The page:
But, maybe, it does come as a surprise to some. What do you mean? one might say. The Old Testament was all written long before the time of Christ: how can you say that Christians debated what books belonged in the Old Testament?
But the earliest Christians did debate the Old Testament books. Because at the time of Christ there was no agreement among Jews about what books belonged in their Sacred Scriptures. The "Hebrew" Canon of books did not include the deuterocanonical books, like Tobit and Maccabees, which had been written (or, at least, preserved only) in Greek; the "Greek" or "Palestinian" Canon did contain those books. And it was the Greek canon, including books like Judith and Esther and Tobit and Maccabees, that the earliest Christians followed: we know this because most of the New Testament quotations from the Old Testament were quotations from the Septuagint, the Greek version of the Jewish Scriptures that contained all 46 books. As time went on, and Christianity spread through the Mediterranean world, the faith came to areas in which Jewish tradition had accepted only the 39 books of the Hebrew Canon, and the Christians in those places tended to follow that Hebrew Canon. Christians elsewhere continued to accept all 46 books of the Greek Canon. This very brief account is not exactly precise, but it is accurate as a general sketch, and the lesson is clear: just as Christians debated about the books of the New Testament, so they debated about the books of the Old.
Here is a good summary of the situation, from a source (Jerome Biblical Commentary) that Evangelical Outreach regards highly enough to quote from on its own 2 Maccabees webpage:
Our conclusion that there was no rigidly fixed canon in Judaism in the 1st and early 2nd centuries AD means that when the Church was in its formative period and was using the sacred books of the Jews, there was no canon for the Church to adopt. This is exactly the situation in the New Testament. The NT writers cite the sacred books that ultimately found their way into the Hebrew canon, especially the Law, the Prophets, and Psalms. But they also echo some of the deuterocanonical books. If one studies the references in Nestle's Greek New Testament, one finds allusions to Sirach, Wisdom, 1-2 Maccabees, and Tobit. Furthermore, there are allusions to what would later be considered apocryphal works, for example Psalms of Solomon, 1-2 Esdras, 4 Maccabees, and Assumption of Moses. Jude 14 clearly cites Enoch; and while it is often stated that the author is not citing this apocryphal book as Scripture, we have no reason to suspect that Jude would have made such a distinction. Enoch was for him, as it was for some later Christian writers, a sacred book. Matthew 2:23 cites an unknown work from Old Testament times with the same emphasis that earlier passages in Matthew cite Isaiah, Micah, Hosea, and Jeremiah.... (Jerome Biblical Commentary, volume II, page 523; this would be the second page 523 in the two-volumes-in-one edition; I have expanded some abbreviations here)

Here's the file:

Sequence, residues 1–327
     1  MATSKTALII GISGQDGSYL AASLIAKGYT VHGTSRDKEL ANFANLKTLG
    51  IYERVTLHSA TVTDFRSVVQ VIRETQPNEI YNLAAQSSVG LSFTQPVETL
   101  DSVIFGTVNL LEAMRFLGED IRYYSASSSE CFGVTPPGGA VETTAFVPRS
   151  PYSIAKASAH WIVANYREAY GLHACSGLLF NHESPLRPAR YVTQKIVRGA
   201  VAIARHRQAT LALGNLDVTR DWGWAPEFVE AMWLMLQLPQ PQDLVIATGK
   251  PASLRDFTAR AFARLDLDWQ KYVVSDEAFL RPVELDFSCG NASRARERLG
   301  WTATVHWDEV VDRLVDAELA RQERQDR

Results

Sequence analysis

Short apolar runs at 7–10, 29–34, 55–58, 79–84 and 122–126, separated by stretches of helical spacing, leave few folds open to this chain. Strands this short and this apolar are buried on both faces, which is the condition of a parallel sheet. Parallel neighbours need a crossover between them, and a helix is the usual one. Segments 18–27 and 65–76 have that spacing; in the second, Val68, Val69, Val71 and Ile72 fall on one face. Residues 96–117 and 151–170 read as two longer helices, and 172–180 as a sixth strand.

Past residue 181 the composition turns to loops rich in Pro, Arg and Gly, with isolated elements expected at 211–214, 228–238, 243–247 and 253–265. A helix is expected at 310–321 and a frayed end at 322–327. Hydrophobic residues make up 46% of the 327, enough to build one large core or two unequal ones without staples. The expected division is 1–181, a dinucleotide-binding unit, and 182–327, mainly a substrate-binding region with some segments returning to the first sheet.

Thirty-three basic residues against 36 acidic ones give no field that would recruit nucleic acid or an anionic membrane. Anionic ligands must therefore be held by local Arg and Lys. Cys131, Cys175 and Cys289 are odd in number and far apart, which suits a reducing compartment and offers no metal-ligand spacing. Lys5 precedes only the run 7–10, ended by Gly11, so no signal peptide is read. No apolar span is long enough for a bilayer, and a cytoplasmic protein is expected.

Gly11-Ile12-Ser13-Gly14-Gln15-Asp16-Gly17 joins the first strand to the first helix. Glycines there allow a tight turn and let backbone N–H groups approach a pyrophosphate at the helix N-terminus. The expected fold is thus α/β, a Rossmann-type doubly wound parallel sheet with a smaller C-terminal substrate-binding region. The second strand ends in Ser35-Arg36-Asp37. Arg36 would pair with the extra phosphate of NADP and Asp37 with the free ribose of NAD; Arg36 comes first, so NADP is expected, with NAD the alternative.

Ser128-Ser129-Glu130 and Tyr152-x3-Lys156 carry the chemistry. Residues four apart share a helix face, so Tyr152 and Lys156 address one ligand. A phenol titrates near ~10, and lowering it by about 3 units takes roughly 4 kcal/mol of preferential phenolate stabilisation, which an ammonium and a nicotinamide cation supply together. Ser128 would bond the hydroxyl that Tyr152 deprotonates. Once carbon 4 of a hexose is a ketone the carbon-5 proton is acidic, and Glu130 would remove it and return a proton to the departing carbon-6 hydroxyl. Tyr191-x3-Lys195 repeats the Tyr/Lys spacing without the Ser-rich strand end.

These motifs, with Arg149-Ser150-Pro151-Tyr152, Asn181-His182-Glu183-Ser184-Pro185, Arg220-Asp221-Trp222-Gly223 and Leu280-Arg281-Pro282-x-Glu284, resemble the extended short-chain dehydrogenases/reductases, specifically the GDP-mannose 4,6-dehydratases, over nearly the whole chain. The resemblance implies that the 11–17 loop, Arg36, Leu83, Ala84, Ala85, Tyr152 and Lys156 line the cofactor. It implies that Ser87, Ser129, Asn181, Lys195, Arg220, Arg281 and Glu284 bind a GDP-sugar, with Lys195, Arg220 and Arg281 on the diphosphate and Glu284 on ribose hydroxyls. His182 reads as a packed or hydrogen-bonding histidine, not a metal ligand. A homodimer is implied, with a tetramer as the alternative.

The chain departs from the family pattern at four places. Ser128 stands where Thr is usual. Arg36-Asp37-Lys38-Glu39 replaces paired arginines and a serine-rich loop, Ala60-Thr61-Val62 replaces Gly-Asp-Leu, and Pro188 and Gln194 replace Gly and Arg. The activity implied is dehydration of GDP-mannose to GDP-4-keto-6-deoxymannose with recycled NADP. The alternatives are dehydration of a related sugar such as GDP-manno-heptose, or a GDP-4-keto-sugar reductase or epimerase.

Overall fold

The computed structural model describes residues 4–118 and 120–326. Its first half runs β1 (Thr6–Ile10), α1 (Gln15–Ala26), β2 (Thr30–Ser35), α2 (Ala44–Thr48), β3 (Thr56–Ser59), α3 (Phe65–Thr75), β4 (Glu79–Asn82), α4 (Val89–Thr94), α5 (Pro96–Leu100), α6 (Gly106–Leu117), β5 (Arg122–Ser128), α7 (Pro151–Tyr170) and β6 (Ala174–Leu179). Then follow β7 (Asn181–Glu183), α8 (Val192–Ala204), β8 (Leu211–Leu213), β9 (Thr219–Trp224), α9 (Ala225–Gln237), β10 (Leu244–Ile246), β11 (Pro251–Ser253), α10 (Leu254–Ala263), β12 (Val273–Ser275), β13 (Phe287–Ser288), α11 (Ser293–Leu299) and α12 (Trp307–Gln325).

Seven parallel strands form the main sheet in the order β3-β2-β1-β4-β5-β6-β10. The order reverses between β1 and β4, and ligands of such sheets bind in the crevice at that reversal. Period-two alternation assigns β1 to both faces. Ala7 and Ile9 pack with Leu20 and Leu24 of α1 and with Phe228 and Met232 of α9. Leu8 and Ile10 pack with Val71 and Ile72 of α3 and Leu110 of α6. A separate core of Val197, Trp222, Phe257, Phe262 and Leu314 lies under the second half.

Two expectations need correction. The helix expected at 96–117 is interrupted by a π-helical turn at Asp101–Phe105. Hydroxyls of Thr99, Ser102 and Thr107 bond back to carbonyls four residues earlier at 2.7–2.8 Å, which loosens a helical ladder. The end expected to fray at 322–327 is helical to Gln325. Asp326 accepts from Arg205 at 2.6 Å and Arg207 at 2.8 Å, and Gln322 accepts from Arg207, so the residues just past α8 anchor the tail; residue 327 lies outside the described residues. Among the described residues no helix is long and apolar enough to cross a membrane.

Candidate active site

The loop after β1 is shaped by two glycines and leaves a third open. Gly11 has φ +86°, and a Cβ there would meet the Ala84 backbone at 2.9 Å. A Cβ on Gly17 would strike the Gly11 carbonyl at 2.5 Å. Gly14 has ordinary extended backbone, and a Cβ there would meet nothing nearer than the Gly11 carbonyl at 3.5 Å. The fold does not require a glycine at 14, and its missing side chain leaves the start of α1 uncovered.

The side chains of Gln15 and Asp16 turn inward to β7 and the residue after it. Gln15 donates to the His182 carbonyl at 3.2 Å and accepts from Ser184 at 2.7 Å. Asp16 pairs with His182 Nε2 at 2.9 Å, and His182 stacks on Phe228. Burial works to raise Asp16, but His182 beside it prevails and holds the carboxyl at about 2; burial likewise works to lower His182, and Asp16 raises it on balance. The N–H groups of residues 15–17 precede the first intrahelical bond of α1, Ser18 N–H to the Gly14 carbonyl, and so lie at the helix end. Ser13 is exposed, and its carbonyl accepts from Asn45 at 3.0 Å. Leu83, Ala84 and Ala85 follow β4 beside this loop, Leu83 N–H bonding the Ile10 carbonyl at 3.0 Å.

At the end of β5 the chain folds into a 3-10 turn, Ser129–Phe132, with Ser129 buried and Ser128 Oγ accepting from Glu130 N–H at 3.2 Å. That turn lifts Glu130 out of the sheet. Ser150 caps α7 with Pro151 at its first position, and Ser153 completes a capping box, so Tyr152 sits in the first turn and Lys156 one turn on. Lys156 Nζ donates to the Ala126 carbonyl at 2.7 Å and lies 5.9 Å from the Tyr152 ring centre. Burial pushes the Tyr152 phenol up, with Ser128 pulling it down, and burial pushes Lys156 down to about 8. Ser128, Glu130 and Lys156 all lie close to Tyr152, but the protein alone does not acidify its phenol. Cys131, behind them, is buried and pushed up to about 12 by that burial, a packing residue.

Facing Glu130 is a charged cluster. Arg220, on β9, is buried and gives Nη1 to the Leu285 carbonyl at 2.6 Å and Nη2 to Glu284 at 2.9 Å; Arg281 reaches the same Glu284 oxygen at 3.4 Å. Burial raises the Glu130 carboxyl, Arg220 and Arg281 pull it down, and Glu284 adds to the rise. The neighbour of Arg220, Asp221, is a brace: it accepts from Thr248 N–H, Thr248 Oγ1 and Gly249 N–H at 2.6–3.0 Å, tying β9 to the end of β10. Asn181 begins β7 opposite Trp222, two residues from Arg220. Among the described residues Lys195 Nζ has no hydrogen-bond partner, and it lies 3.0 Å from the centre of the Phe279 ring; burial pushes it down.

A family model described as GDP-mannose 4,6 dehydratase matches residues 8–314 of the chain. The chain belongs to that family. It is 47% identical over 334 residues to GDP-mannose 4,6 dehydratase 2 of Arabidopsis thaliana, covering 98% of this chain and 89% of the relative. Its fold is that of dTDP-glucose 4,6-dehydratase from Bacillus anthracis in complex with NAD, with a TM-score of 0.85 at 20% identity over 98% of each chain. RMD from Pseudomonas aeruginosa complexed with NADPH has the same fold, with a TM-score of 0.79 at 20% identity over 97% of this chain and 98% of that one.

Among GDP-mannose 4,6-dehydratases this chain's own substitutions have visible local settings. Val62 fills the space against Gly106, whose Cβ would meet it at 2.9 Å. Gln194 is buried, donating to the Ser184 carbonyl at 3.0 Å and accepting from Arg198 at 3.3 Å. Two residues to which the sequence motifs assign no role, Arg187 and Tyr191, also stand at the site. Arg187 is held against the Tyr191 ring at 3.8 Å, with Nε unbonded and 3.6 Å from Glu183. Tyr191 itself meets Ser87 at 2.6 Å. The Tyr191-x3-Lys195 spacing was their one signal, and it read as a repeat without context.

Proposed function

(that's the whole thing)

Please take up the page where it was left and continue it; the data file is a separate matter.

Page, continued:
The debate continued well into the fourth century. Yes, that's right: Christians were still debating what books belonged in the Holy Bible in the fourth century. Three centuries and more after the time of Christ, Christians were still debating what books belonged in the Holy Bible. That statement is not Catholic theology: that statement is the historical reality (and the Protestants' nightmare).